Beki Gowing

Graduate entrepreneur: Beki Gowing, founder of Print & Press, London

This article is one of a series of interviews with University of Brighton graduate entrepreneurs. beepurple is the university’s entrepreneurship support service.

Beki GowingName: Beki Gowing

Subject studied: Textile Design with Business Studies

Year of graduation: 2013

Business name: Print & Press, London


Describe your business

Print & Press, London is a digital fabric printing bureau for designers, makers, small businesses, and everyone else who wants to turn their designs and artwork into beautiful, affordable fabric prints. Our customers use their bespoke fabric for fashion, interiors and crafts, and we build close relationships to offer creative business support and help their businesses grow. We’re based in South East London, where I also run creative workshops, and give talks on growing and developing product-based businesses.

How did you get your idea for the business?

During my degree at Brighton I worked extensively with digitally printed fabric, and used the printing process to inspire the business plan I wrote as part of my final year Business Studies module. I then joined the Buying Graduate Scheme at John Lewis, but always had the nagging feeling that my business plan would work. After several years I started to get itchy feet and dreamt of working for myself, so I started to research the idea more seriously. After taking out a business start up loan I left the corporate world and started Print & Press, London in 2016.

Why is your business unique?

Coming from a design background, the whole business has been built around creating beautiful high-quality prints that designers and brands can sell. As a student who has used the services of other companies, I could see where I felt the experience was lacking, and have worked to address these with things like printed samples (so customers can see how colours will look on fabric), upfront and clear pricing, express delivery options, and personable customer service.

Being a small company, we can be flexible to support our customers, and often have one to one meetings with customers, print on customer’s own fabric, and process 24 hour print turnarounds.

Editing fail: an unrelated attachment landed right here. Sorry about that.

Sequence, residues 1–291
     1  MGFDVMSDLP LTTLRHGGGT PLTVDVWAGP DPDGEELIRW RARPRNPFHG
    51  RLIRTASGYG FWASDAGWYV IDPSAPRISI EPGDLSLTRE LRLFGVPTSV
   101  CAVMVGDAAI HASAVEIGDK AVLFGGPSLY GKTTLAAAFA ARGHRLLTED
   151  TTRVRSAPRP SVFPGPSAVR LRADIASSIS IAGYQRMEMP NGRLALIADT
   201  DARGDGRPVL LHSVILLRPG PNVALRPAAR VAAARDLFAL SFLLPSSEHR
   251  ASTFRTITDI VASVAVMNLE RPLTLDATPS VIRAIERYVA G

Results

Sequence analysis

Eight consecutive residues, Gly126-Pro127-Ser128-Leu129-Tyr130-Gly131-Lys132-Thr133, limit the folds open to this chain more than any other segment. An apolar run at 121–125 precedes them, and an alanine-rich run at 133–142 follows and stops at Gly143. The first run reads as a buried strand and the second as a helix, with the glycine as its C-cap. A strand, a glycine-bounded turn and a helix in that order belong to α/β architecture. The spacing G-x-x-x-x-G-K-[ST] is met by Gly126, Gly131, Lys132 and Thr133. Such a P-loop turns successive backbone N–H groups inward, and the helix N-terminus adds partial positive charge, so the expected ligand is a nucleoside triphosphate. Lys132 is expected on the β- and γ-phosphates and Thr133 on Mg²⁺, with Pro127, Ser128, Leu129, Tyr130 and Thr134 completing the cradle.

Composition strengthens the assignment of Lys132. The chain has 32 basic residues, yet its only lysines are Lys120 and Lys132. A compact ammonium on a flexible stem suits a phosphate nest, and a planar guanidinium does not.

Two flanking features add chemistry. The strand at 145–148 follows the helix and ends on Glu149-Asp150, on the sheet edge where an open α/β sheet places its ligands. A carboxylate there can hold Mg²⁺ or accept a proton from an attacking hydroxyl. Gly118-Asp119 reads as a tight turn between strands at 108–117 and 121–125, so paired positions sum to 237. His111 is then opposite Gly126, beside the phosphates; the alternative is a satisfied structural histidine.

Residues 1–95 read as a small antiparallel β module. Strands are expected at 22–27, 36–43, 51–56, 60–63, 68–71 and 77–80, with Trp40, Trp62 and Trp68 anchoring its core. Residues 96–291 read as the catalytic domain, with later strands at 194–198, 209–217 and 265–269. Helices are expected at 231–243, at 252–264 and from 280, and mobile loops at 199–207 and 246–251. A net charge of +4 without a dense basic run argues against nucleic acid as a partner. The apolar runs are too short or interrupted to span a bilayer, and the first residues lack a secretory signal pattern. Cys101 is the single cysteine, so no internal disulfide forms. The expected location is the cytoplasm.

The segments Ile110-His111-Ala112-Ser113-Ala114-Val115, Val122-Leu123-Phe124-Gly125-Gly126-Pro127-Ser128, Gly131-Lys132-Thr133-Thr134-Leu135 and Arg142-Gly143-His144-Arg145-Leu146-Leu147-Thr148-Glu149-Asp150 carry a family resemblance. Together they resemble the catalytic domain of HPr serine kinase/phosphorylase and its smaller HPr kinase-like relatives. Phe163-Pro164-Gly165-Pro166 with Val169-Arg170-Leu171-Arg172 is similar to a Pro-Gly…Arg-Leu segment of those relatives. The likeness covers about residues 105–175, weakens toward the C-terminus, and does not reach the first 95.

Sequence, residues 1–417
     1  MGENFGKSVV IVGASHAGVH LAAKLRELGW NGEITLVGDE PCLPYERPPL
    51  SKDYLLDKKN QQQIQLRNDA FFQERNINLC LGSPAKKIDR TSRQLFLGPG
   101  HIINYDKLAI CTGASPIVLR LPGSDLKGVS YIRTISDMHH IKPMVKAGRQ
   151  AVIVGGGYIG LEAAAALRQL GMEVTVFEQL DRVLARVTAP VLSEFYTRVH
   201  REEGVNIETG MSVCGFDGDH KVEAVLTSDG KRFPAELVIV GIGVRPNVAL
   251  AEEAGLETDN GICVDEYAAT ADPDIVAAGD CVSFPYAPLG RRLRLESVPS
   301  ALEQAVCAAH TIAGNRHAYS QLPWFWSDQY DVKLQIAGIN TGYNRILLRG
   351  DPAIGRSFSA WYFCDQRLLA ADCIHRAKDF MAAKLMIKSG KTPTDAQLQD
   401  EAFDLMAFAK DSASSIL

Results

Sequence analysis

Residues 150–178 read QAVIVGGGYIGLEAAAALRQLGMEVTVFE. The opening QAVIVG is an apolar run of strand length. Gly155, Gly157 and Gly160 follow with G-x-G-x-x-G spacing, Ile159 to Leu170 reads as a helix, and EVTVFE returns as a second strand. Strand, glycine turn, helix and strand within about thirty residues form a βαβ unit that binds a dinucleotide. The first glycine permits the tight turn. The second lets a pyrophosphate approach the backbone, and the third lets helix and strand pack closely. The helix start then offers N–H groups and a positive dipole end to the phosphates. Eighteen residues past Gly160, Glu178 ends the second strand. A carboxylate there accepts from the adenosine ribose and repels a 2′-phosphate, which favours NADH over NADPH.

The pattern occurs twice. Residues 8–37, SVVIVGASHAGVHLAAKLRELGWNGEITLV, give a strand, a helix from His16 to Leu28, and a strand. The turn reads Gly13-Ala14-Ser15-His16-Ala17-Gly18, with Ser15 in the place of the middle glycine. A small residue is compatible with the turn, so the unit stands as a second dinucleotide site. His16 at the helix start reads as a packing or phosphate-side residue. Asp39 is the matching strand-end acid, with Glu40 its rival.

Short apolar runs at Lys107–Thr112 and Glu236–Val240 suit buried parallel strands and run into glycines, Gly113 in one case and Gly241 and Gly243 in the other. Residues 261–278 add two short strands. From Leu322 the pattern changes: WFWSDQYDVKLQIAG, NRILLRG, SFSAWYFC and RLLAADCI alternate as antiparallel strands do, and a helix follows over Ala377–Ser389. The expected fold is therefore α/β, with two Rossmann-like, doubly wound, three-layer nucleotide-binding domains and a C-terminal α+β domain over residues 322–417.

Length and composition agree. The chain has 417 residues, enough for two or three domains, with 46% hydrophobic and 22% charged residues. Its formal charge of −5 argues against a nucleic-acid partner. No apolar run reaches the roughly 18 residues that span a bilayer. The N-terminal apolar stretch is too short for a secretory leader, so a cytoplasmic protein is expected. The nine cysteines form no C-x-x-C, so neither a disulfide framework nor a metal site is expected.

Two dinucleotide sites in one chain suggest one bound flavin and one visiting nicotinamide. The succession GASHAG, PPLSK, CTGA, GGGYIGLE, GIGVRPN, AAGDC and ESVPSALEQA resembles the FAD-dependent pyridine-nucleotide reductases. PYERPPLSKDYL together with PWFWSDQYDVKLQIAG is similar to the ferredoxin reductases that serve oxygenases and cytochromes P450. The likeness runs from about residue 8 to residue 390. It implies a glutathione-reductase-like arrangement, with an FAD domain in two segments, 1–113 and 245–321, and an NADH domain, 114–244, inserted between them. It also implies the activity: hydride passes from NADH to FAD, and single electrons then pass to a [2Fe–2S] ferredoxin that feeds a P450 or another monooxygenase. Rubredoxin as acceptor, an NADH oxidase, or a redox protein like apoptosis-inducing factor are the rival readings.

How do you market your business?

Almost all of our marketing is through social media, predominantly Instagram as that’s where most of our customers share their work, find inspiration, and look for people to work with. It’s also been a great place to meet other businesses, and has inspired a number of collaborations.

Greenwich’s South East Enterprise team, who have worked with me extensively on SEO and content marketing, has also supported us. Going forwards as I’m looking to spend more time delivering talks and workshops, with the day to day running of the business left to the team, I’m hoping to use these events and face to face meetings to meet potential customers and collaborators.

What has been your biggest business challenge and how have you overcome it?

Leaving the structure of a corporate 9-5 and finding myself on my own (at the beginning) was a big shock. I was expecting a huge sense of freedom, but I was actually quite overwhelmed. It made me realise how much I need to talk to people, and just sitting on my own in a studio was not a healthy way to get things done.

I started to reach out to people on social media, attended business advice groups, found a business mentor, and tried to set myself clear deadlines about when to stop working and have days off. Getting other people’s advice and different perspectives has made a big difference, and stopped me feeling so alone. I now work in a creative hub and always have people around to share ideas with, which with hindsight I would have done much sooner.